York: A New View – Part 3

I am obsessed with anything Victorian looking. Streets, houses, dresses, jewellery – you name it, I probably love it. But it’s a style which isn’t always obvious to pick out – you have to go out of your way to learn the overarching themes of the era, like the focus on nature (flowers, animal designs) in a lot of Victorian jewellery. But among historical periods, there’s always one which stands out over and above everything else – the Tudor style; by which I mean the iconic black and white designs. And incredibly fortunately, York has a small supply of these buildings to enjoy.

(Obviously as with many good designs, it’s something which has been copied time and again after its advent, so when I say Tudor buildings, I mean more things which are decorated in the style, not necessarily a reference to when they were built.)

Firstly, and perhaps most famously, the grade 1 listed St. William’s College.

St. William's College

Located back and to the right of the Minster (when approached from the newly-refurbished Minster Piazza), this 15th Century building is pretty special to behold whatever the weather. From its origin as a home for Minster priests, St. William’s College has been from apartments to slum housing, and now to a fully-renovated wedding, conference and tourism venue.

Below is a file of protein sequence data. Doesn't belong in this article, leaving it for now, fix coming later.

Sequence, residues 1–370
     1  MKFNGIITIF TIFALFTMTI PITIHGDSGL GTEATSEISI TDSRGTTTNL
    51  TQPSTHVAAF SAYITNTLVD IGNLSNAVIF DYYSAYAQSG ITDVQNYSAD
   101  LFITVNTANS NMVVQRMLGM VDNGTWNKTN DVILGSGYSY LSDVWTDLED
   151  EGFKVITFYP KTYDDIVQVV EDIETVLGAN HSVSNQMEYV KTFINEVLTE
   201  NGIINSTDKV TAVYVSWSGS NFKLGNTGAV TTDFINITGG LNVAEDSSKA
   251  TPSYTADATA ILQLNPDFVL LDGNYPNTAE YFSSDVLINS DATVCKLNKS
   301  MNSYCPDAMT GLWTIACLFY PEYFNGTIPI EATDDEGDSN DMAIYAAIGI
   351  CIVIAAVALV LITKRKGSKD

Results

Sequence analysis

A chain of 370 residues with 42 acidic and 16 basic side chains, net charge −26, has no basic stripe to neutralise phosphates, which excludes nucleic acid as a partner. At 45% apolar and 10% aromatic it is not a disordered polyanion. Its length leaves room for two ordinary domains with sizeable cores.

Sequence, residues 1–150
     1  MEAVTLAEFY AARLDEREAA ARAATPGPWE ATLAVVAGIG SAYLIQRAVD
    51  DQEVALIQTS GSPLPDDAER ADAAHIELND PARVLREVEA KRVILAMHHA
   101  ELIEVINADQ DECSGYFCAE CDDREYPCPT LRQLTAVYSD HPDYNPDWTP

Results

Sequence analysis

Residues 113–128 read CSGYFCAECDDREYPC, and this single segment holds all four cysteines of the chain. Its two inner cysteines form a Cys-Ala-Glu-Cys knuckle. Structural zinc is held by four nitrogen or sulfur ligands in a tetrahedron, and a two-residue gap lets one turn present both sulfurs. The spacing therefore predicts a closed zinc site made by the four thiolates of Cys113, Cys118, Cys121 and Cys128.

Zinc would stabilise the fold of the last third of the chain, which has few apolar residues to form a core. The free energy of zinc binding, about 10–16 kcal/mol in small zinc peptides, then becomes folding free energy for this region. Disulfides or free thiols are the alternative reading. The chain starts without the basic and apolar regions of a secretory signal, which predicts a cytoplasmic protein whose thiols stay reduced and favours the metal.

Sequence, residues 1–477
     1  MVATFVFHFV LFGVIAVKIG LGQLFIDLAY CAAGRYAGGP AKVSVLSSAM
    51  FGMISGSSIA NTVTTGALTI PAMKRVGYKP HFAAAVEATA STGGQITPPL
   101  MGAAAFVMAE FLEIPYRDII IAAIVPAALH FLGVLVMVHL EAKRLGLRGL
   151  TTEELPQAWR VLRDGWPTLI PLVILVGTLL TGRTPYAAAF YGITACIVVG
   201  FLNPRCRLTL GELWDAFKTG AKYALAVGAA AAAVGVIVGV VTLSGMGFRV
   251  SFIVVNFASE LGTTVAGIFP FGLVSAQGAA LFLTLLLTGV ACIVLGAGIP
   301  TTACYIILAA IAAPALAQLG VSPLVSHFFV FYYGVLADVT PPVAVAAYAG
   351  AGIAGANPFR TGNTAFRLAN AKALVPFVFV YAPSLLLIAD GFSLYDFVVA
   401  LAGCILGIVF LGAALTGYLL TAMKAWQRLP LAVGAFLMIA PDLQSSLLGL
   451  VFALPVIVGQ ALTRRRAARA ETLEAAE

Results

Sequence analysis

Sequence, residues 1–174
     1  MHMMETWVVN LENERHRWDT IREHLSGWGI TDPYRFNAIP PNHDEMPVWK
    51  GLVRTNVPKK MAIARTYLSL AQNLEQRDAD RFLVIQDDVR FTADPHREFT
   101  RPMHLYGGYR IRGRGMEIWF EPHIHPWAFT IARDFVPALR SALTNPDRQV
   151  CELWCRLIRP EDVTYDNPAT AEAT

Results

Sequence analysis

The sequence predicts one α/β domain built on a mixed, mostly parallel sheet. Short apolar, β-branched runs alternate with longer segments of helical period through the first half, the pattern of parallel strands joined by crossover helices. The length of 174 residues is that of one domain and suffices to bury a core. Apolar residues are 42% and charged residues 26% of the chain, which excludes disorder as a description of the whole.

The second, somewhere I’ve already posted in my introductory blog, is the Black Swan on Peasholme Green. Another building which dates back to the period it is styled after (15th Century, as with St. William’s College), but oddly enough, the black and white decoration hasn’t always been there (I am reliably informed by a Victorian postcard I found on eBay of said building).

Black Swan

Lastly, when making a trip to Pizza Hut (as I often do), Lloyds Bank, or anywhere else along Pavement, you can’t miss the beautiful Tudor building, which I’m reliably informed by York Conservation Trust website [x] is named Sir Thomas Herbert’s House. Currently housing the store of Jones Bootmaker, the property was birthplace of said Sir Thomas Herbert in 1606.

Sir Thomas Herbert's House

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